Reduced complexity
Complexity is reduced through full end-to-end management across multiple fleets and by using SITAONAIR’s Cloud-based solution, where this host IT infrastructure is required.
Raised reliability and efficiency
Reliability and efficiency are supported with fully secure air-to-ground communication, by managing the data distribution by the airline and by removing the delays for event data gathering and flight safety analysis.
Improved time to market
Time to market is supported with the fully integrated solution and by providing any type of ARINC 429 and wireless connection, and other on board applications.
SITAONAIR, the vendor chosen by Air France, includes data capture as part of their portfolio and has a strong provenance in this field, having been the first developer and vendor to embrace nose-to-tail connected solutions with a portfolio that embraces a number of areas relevant to airline digitalization as can be seen from figure 3.
Figure 3
As can also be seen from figure 3, connected solutions serve everyone from the passenger through the flight and cabin crews, to maintenance engineers and flight operations, right over to Air Traffic Control. The Air France solution that is the subject of this case study falls into the e-Aircraft area. SITAONAIR also provides the enablers for the solution (connectivity, the Cloud, integration…) which are absolutely relevant for whatever system is installed on board an aircraft to ensure that the investment can be leveraged. Also, because airlines have multiple aircraft types in their fleets, it’s important to enable digitalization across their fleets. For e-Aircraft® DataCapture, SITAONAIR leverages the airline’s pre-existing environment (in the case of Air France, navAero) and ports the software with no need for additional investment, but leveraging additional value from their investment in the EFB and Flight Operations Quality Assurance (FOQA) programs.
Working together with SITAONAIR, Air France was able to realize a number of values (figure 4), including getting one solution that worked across the multi-fleet environment and was able to leverage existing hardware while introducing automation and integration of data.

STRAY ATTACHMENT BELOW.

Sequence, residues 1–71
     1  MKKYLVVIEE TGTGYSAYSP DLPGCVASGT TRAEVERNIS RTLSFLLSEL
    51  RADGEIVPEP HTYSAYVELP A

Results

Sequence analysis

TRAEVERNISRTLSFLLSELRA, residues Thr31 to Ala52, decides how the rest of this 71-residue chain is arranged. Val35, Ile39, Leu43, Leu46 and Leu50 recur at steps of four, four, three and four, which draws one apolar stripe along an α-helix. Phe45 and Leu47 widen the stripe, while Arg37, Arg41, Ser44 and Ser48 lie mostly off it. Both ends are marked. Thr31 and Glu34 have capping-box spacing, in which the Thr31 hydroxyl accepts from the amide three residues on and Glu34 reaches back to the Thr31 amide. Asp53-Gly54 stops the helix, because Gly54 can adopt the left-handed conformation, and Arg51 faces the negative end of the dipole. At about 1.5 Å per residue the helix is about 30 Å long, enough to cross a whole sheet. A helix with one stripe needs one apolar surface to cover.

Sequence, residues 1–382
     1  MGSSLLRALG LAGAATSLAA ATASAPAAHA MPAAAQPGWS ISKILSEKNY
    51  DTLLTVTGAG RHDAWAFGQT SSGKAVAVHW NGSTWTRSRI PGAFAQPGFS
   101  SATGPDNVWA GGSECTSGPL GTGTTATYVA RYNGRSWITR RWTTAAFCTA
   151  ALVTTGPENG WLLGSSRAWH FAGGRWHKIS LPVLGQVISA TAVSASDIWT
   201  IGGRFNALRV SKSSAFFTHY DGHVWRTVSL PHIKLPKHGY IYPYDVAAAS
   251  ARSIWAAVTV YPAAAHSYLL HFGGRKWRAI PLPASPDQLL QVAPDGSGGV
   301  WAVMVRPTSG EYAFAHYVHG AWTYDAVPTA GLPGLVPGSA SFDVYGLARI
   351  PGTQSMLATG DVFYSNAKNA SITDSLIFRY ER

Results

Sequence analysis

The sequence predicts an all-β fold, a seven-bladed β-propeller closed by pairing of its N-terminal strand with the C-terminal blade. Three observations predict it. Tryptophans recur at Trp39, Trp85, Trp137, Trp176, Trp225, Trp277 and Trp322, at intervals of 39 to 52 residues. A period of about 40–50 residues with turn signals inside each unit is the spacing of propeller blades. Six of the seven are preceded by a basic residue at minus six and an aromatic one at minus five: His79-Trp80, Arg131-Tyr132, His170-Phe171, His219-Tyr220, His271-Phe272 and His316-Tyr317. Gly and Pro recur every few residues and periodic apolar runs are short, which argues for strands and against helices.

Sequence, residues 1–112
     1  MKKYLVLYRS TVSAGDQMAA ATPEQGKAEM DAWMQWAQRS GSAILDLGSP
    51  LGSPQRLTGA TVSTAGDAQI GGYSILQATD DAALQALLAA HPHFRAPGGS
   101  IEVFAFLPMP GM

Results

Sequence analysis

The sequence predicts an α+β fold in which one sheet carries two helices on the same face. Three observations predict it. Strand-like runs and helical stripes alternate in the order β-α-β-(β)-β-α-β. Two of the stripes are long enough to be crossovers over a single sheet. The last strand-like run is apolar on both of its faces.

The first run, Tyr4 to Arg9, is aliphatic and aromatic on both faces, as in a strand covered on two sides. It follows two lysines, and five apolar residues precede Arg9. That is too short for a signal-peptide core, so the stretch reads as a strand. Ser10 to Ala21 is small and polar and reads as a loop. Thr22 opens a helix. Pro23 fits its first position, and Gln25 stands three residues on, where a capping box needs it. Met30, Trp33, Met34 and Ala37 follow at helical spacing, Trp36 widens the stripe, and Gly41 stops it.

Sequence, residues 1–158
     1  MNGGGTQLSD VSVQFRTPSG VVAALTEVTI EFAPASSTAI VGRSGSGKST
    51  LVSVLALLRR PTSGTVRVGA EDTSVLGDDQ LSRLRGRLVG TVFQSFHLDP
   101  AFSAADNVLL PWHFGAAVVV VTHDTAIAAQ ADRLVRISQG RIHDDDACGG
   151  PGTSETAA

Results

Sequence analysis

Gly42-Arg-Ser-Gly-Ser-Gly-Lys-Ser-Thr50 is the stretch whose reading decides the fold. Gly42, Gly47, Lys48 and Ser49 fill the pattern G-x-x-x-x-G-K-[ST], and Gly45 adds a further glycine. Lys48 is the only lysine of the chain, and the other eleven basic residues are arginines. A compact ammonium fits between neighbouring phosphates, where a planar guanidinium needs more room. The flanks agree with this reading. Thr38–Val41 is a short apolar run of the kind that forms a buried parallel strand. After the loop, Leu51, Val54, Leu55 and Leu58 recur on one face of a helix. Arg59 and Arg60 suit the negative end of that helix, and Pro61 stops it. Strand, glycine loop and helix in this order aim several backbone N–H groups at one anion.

Figure 4
Cost management is of great value, especially for network connections, as is security and reliability end-to-end with File Transfer Protocol Secure (FTPS) protocols, and simplification because the process is simple with fewer contributors to the process.
From the SITAONAIR side, the collaboration with Air France was fruitful inasmuch as it was able to embark on a project with a large airline and long-serving airline customer, and, from that, build a solution applicable for the whole airline community – its 2017-launched e-Aircraft® DataCapture solution. What was done for Air France has advanced from a project to a product; a community solution. So, any fleet environment has the potential to become an e-environment. This is no longer restricted to the Boeing 787 or the Airbus A350. It is now possible to e-enable a mixed fleet made up of different generations of aircraft. The solution is managed as a service – most of the time when we hear about solutions, we hear about systems. Systems will become increasingly necessary in new generation aircraft; airlines will depend more on the EFB, so there are advantages to managing it as a service that can be reviewed and repaired by a larger solution provider if it fails. Again, the solution is multi-fleet because airlines are usually multi-fleet, and, finally, multi-platform. SITAONAIR’s collaboration with Air France was enjoyable for the vendor with Air France being very open in exchanges about the features and the functionalities. SITAONAIR believes that having worked with Air France is a good starting point from which to work with any airline.